If you want to hear all the details — and have access to all the free offers and bribes that come with a publication/launch! — then make sure you're signed up for the mailing list!  (There's a sign-up box in the upper right corner.)  I'll put some of the offers on this site too of course, but the mailing list people, as is Earth custom, will get some exclusives.

More soon!  Wish me luck — I'm enjoying my new life of crazy word-count goals, at least so far.  And I'm excited to have something not-the-novel to write too, that I can talk about more…the novel doesn't really brook discussion about it until it's done, unlike this fun little project, which I'm actually *expected* to talk about as part of getting it done.

Best to everyone and Happy Near Halloween!

(P.S. There will most definitely be a Halloween Story this year.  It's been too long since I've done one!)


Posted in better thinking, polyphasic sleep | 2 Comments

Researching Polyphasic Sleep (warnings & sources)

So you want to know more about polyphasic sleep schedules…yay!  They're really interesting, and also very good to research before attempting.

Unfortunately your "Internet research" phase is going to be tricky, and laden with bullshit.  :/  I have done my best to offer good information, but I can't out-yell the hucksters:  and in recent years, polyphasic sleep has seen growing popularity, which means growing attempts at commercialization.  It also hasn't been popular enough for long enough to garner much scientific research, especially when you consider that:
–  studies on sleep schedules have to be in-depth and long (at least a month), i.e. expensive, to get good post-adaptation information;
–  sleep itself has only been seen to merit scientific study for a bit over 100 years (during which time monophasic has been the norm); and
–  the whole process by which the body adapts to and controls/is controlled by a sleep schedule is still largely mysterious to us humans.

–So if your usual source is "scientists", well, even sleep scientists don't have a whole lot to report on when it comes to polyphasic sleep…yet!  My fond hope is that this will change, of course.  But until it does, there's still a huge and valid category of information to be purused, including stories from people who've done it, and especially tips about how to do your OWN experimentation and learn what works for you.  The trick is just to sift through the unreliable sources, like always.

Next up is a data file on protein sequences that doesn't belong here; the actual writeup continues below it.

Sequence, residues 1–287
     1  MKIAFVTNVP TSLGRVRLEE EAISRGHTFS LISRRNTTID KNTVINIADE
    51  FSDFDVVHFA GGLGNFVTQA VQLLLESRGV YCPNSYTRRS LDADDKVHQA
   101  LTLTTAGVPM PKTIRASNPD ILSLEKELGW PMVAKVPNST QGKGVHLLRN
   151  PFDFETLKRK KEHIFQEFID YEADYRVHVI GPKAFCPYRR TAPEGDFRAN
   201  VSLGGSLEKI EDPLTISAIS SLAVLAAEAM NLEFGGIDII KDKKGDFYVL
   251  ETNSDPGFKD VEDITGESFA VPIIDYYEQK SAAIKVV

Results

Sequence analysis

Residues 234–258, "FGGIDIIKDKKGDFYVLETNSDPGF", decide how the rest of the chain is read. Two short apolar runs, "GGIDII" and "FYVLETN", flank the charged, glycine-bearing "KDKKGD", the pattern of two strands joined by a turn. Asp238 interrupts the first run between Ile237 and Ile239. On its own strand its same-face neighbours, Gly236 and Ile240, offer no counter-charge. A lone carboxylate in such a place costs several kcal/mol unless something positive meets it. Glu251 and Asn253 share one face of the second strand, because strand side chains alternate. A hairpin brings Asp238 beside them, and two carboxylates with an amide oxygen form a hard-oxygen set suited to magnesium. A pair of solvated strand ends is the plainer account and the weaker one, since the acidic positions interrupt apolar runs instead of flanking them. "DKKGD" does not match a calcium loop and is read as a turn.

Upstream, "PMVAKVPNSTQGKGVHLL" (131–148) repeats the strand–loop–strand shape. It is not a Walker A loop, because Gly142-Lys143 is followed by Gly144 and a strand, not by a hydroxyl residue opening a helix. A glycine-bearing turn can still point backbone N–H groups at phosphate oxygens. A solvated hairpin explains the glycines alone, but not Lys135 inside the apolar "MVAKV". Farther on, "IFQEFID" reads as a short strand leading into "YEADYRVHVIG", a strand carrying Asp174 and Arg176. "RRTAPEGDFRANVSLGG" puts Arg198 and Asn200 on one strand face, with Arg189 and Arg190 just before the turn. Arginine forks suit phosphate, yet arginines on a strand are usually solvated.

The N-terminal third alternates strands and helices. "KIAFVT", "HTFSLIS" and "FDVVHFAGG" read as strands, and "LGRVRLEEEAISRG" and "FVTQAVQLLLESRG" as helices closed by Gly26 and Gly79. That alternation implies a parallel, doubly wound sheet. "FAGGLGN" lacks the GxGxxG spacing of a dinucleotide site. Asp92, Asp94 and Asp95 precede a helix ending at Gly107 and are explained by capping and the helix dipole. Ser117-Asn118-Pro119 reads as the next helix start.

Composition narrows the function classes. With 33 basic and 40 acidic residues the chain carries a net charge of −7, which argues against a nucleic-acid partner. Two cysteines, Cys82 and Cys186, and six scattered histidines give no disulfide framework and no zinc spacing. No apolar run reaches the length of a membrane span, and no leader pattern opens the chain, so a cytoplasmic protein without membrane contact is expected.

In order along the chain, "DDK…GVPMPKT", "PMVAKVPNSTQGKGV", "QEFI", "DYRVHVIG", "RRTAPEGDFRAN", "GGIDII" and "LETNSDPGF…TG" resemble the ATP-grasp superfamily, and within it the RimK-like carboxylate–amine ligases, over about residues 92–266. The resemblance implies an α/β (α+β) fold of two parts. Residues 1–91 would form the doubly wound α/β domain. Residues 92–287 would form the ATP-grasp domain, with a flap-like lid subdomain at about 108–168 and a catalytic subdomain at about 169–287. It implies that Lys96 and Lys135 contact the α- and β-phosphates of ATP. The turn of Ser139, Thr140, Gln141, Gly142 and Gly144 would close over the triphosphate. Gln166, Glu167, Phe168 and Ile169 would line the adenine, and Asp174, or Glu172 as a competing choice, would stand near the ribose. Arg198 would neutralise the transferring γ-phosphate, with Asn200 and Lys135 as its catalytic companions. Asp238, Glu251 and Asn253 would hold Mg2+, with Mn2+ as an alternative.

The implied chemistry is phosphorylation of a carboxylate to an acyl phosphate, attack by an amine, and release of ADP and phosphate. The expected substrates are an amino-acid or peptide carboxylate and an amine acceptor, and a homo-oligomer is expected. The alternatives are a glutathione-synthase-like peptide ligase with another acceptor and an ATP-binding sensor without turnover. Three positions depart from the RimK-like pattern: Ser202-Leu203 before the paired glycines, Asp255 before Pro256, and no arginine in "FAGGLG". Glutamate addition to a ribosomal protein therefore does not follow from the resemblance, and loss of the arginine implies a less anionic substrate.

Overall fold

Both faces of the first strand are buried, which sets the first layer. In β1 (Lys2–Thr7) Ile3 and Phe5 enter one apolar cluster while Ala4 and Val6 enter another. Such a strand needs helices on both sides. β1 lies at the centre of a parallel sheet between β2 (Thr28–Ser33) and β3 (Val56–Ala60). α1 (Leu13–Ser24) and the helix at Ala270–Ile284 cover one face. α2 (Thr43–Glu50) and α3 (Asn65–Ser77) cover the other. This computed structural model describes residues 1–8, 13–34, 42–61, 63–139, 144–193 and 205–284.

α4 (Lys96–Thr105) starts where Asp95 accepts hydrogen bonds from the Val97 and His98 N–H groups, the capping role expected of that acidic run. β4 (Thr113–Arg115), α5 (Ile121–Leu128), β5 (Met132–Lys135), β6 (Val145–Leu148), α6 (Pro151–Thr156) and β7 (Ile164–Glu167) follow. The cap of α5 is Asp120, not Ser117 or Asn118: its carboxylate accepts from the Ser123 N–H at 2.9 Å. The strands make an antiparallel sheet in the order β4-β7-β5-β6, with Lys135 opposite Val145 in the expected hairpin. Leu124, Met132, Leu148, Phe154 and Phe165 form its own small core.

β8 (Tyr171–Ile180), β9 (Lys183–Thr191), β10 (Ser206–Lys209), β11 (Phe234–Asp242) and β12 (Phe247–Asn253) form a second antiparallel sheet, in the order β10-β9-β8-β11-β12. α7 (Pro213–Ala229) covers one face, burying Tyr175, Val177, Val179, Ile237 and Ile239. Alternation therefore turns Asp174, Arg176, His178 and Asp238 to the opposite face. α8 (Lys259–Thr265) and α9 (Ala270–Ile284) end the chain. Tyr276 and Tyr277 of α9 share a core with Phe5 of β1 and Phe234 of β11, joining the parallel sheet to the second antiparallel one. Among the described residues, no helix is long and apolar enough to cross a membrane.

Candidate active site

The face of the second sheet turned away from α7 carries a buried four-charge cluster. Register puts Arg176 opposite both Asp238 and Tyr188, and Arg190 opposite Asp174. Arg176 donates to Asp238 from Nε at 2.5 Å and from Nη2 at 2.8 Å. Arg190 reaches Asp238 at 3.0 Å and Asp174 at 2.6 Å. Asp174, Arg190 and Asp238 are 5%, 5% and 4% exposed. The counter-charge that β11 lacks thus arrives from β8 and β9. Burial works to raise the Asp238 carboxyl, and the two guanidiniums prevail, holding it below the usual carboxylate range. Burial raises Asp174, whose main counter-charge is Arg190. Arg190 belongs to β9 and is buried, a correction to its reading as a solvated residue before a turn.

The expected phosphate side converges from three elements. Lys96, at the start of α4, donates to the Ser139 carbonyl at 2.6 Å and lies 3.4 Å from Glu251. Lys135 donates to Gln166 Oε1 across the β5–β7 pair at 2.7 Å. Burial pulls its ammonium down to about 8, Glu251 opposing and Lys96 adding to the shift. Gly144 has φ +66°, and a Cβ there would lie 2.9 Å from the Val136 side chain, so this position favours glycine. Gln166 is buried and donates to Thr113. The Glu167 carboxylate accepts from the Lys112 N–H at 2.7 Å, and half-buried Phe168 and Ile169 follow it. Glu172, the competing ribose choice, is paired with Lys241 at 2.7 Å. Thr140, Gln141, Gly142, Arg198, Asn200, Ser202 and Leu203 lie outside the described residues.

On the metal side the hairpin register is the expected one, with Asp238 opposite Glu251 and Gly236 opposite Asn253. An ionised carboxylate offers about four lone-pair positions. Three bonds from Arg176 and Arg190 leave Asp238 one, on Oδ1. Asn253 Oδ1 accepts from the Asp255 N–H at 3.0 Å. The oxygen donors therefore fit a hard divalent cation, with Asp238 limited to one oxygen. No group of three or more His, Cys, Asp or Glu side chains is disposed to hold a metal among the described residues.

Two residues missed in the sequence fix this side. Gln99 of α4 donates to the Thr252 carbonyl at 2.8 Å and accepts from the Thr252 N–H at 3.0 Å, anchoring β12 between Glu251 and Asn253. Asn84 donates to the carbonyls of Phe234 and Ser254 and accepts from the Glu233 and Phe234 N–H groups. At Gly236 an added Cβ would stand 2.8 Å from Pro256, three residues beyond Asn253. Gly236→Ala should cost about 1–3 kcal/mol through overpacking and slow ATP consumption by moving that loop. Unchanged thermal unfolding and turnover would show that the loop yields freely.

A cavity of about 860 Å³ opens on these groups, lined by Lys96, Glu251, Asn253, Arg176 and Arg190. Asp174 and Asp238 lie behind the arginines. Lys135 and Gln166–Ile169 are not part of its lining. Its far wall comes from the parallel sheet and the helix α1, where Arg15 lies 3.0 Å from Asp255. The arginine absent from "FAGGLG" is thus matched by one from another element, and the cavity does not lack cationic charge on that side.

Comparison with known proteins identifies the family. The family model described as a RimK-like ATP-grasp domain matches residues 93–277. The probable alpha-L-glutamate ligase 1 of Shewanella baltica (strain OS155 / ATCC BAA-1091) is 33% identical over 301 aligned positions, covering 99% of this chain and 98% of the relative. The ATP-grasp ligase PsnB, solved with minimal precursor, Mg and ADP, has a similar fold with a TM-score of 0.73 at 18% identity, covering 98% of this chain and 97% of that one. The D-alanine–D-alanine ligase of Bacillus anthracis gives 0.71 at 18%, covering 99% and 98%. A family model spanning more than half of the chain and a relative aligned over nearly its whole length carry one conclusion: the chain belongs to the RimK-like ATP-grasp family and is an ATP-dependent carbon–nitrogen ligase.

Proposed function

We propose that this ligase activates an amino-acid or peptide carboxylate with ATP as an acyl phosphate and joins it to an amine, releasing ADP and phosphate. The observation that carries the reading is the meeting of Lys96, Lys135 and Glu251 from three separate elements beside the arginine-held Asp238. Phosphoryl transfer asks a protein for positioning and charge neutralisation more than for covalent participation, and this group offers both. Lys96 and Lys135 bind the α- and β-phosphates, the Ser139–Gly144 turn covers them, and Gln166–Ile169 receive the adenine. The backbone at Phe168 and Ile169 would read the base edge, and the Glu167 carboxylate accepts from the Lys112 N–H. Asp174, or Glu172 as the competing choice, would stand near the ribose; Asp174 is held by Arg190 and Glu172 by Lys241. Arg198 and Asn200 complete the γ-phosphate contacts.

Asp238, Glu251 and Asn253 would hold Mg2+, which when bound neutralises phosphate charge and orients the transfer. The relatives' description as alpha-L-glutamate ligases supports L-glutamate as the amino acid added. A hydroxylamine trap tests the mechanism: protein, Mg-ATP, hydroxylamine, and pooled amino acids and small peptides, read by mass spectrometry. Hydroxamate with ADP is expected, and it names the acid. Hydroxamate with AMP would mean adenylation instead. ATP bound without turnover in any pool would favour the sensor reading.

Here are some tips for doing so.  (These are just mine; I encourage you to use the best methods you know for checking the quality of information.)

STEP ONE:  Look for ACTUAL SOURCES for all claims that are made to sound bigger than personal experience — and if they're personal, that's fine, but remember sleep is VERY individual.  (In fact, even if someone shows you a scientific paper, remember that.  It's *your body*, and the best-best information is going to come from how you feel.) 

Just as if you were researching a diet, stories from people about what it's like and whether it worked for them can be VERY helpful, as long as you remember that they're stories.  Testimonial evidence is a type of evidence — just remember that that's what you're looking at, whether it's mine or anybody else's. And if the stuff you're reading claims to be more than that, then look for whether they can adequately explain how they got to that claim, from what data / experiments (more than one, right?) and using what logic.  

Then RUN AWAY if people are misusing scientific language.  For the most part, that includes almost ALL claims that science supports OR does not support polyphasic sleep — to repeat the above, there just is not a lot of scientific work done yet on polyphasic sleep (though it's worth pointing out, there is enough to know for sure that it CAN work).  But the absence of good science is one thing, and the presence of bad science is another!  I take someone's willingness to MISUSE scientific terminology, which includes claiming scientific backing for something that doesn't have it, as a very good sign that whatever they have to say is biased crap.